This Plum Frangipane Galette might just be the prettiest thing I’ve ever made.
Do you see that golden crust? Those red and gold plums? The frangipane peeking through? It’s gorgeous.
But looks aren’t everything, so it’s a good thing it’s delicious too. The crust—my favorite all-butter recipe—is flaky as all get-out, and it’s filled to the brim with barely sweetened fresh plums and fragrant frangipane, AKA the almond pastry cream of dreams. It’s so good!
My train of thought is not hard to follow. As this is my third frangipane based dessert in three weeks, you can probably gather that I am on a bit of a frangipane kick right now. But it’s for good reason—frangipane is easy to blitz up in a food processor and works as a perfect foil to any number of summer fruits. I’m already thinking up some ways to incorporate it into my Thanksgiving pies, too!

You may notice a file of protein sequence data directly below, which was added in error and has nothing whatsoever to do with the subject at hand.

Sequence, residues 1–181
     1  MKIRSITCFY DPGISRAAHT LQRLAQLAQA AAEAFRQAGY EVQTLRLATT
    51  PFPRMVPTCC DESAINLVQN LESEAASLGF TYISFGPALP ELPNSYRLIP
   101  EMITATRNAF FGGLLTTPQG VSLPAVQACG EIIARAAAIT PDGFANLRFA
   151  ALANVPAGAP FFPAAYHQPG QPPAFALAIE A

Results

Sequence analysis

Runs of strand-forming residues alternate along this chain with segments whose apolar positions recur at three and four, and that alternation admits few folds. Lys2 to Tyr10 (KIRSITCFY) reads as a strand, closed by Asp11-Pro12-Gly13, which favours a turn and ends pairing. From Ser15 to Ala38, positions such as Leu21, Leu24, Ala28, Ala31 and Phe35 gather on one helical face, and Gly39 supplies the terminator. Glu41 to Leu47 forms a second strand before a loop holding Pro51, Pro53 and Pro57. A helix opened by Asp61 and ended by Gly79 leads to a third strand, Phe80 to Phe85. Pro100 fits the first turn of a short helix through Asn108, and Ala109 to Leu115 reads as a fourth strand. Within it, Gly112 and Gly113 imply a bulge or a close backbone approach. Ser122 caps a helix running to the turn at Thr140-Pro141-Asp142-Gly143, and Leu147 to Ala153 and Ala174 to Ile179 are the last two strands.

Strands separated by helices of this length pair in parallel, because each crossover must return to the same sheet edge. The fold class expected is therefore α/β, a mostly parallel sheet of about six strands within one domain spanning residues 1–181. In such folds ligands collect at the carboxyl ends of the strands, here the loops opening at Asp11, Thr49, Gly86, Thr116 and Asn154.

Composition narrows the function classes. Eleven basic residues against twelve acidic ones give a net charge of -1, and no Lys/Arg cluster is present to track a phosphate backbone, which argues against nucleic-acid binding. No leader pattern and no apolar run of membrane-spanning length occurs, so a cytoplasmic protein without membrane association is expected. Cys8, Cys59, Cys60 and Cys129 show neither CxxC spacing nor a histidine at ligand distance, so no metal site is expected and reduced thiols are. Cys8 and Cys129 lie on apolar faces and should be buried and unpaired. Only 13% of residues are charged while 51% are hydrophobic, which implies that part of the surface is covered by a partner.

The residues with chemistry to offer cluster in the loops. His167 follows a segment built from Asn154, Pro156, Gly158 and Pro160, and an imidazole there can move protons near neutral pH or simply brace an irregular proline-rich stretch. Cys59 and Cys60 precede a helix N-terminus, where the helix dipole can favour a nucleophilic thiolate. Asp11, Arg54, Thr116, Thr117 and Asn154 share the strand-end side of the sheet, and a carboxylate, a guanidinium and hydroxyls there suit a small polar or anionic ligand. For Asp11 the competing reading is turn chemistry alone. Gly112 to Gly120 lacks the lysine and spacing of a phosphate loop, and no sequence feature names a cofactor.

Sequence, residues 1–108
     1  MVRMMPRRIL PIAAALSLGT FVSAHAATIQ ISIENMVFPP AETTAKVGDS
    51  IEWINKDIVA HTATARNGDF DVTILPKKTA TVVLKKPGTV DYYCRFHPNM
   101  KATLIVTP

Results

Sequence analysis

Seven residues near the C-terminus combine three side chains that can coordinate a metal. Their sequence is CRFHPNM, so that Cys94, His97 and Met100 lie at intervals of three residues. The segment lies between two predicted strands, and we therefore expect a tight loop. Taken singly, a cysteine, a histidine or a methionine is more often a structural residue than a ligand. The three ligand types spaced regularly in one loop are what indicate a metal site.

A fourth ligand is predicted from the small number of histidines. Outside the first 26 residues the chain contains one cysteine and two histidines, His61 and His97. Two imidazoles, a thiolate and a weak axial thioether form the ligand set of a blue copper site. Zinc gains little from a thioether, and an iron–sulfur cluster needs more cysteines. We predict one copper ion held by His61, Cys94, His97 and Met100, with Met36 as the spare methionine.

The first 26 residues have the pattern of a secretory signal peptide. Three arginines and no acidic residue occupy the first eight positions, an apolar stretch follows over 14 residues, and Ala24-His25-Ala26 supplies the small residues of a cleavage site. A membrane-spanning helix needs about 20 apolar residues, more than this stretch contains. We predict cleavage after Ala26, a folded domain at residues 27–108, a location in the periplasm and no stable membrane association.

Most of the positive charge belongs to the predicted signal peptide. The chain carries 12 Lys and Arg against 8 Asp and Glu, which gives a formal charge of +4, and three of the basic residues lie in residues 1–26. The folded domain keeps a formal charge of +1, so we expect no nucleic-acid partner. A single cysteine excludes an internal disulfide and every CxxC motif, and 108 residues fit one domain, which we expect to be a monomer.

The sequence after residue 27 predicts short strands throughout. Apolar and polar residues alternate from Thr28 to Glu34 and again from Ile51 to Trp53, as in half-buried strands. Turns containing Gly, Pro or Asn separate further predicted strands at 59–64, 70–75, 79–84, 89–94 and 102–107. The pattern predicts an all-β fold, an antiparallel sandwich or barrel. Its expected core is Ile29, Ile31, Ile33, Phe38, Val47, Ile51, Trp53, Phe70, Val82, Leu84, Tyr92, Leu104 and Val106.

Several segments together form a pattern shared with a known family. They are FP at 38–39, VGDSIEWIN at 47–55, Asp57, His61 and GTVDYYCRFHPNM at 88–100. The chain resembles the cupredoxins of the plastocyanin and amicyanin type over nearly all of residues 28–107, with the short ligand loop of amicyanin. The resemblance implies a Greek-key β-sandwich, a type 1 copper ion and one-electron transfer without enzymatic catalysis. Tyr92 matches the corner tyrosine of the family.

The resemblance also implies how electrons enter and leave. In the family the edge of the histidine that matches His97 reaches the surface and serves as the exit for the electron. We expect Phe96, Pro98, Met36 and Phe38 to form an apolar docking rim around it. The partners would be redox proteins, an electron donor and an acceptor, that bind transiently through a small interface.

But I’m getting ahead of myself. Today, it’s all about the plums.
Plum Frangipane Galette makes 1 galette, about 8 servings
Frangipane: 1 cup almond flour or 4 ounces blanched almonds 1 tablespoon all-purpose flour pinch of Kosher or sea salt 6 tablespoons granulated sugar 6 tablespoons unsalted butter, cold-ish room temperature, cut into cubes 1 large egg 1/2 teaspoon pure almond extract
For the Galette: 1/2 recipe All-Butter Pie Dough or other good single crust recipe 3 medium plums, thinly sliced 2 tablespoons granulated sugar 2 tablespoons butter, cut into small pieces
For Assembly: 1 large egg 1 teaspoon water coarse sugar (optional)
For Serving (optional): confectioner’s sugar vanilla ice cream whipped cream
Make the frangipane. In a food processor (or very good blender), pulse almond flour, all-purpose flour, salt and sugar together. Pulse in butter. Pour in egg and almond extract, and process until frangipane is a homogenous paste.
Arrange oven racks in the upper and lower positions. Preheat oven to 375F. Line a rimmed baking sheet with parchment paper. Set aside.